The Government have been clear: we do not accept the results of the fraudulent presidential elections in Belarus. We have strongly condemned the shocking scenes of violence by the authorities in Belarus towards peaceful protestors and the targeting of journalists, including representatives of the BBC. I have raised these concerns with the Foreign Minister of Belarus, and in my statements to the Organisation for Security and Co-operation in Europe on 28 August and to the UN Security Council on 4 September. The Belarusian authorities must be held to account, and we are calling for an independent investigation through the OSCE. We support sanctions, and there must be dialogue between the people of Belarus and the authorities.
My constituents in Kirkcaldy and Cowdenbeath do not view the suspension of military training to Belarusian forces as a cause for celebration. That the UK was supporting the last dictator in Europe does not square with the UK’s espoused role as a beacon of hope. Between 2018 and ’20, UK armed forces provided training to 17 of the 30 countries where the FCO is particularly concerned about human rights issues. Will the Minister urgently provide me with comprehensive detail on the specific training provided to the Belarusian armed forces and full details of police and military training being provided to Turkey, Bahrain and the Philippines?
With specific regard to Belarus, the hon. Gentleman raises a very important point around defence co-operation. The UK shares a co-operative relationship with the Belarusian armed forces, including mutual learning, winter survival training, language tuition and peacekeeping, but in the light of recent events we have suspended all defence engagement with Belarus.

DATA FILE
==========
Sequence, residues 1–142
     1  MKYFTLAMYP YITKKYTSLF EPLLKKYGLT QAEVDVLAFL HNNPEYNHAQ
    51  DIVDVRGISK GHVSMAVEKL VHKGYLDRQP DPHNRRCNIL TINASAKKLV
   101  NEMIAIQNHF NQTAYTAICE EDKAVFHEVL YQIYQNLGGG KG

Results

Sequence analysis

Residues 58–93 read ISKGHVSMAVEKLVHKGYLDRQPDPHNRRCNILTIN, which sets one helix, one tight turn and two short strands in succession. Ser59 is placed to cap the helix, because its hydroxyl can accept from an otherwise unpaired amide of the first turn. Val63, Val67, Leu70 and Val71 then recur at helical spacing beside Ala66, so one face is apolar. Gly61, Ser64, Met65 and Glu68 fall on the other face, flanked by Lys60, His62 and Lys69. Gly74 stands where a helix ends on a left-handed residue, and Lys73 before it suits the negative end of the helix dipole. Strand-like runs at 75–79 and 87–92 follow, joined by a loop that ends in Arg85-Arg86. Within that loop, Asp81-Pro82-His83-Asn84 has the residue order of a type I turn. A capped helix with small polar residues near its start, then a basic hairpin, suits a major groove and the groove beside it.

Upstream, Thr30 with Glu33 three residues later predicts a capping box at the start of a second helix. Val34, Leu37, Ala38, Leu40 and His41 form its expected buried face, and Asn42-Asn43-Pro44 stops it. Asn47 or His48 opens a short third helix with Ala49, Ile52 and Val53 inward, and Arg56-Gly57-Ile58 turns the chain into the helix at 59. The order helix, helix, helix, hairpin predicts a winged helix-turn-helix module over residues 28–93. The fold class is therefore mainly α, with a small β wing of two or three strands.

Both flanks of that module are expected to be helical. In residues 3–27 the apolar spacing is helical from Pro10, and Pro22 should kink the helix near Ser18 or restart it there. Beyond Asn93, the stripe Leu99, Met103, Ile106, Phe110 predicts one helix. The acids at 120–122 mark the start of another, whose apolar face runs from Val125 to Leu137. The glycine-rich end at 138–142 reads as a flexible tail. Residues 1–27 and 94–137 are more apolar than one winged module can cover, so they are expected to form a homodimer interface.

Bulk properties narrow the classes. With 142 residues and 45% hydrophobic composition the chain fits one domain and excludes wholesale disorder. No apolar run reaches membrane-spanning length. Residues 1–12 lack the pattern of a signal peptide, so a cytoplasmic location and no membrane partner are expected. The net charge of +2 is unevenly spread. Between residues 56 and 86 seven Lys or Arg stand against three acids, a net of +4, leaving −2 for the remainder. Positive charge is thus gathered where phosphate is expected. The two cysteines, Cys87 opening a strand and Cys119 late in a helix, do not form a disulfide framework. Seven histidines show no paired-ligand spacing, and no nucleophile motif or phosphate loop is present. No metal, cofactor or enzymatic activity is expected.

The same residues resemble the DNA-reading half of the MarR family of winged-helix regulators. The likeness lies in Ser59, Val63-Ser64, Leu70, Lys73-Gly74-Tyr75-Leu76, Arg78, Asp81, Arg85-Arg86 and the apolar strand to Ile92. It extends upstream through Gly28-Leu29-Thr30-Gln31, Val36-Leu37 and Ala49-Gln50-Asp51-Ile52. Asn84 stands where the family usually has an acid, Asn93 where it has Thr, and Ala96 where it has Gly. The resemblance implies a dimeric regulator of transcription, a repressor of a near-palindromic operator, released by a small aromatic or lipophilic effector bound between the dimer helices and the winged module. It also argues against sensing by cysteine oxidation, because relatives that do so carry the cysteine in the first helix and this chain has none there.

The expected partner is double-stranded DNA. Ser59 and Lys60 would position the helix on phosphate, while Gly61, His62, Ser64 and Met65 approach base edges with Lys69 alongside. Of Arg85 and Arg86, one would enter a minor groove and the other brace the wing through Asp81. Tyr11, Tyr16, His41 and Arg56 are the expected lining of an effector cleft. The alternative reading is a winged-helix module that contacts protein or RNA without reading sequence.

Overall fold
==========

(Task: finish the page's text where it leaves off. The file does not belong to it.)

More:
There are protesters outside Parliament today trying to draw attention to the situation in Belarus. I hope that the Minister will find time to pop out to meet them, as it is really important that we talk to members of the diaspora community here. The EU is currently drawing up a list of Belarusian officials who they will make subject to asset freezes and travel bans. Is the UK looking to do likewise, and if not, why not?
The hon. Lady makes a very important point. She can rest assured that we will, at the very least, match that list.
As the Minister said, two BBC journalists have had their accreditation revoked in Belarus, and we have also seen entire shutdowns of the internet in that country to stop citizens both reporting on what is happening in their country and finding out information for themselves. Does she agree that this is completely intolerable and a violation of the rights of citizens of that country? What representations have we made to the Government of Belarus that they should stop these internet shutdowns and removals of accreditations for BBC journalists?
I am grateful to my hon. Friend for raising this with me today. The Belarusian authorities have indeed blocked internet access for the entire country on several occasions. I have made clear through my statements at the OSCE and the UN that the democratic values and rights of the Belarusian people, including freedom of expression and media freedoms such as access to information, must be respected, and those who violate them must be held accountable.
I know that my hon. Friend shares my deep concern about the violence we have seen to suppress the peaceful demonstrations in Belarus, and I welcome her comments so far. Can she assure me that she will continue to work with our international partners to put pressure on the Belarusian regime to stop all violence against journalists, protesters and opposition candidates, and does she share my concern over the forced deportation of such individuals?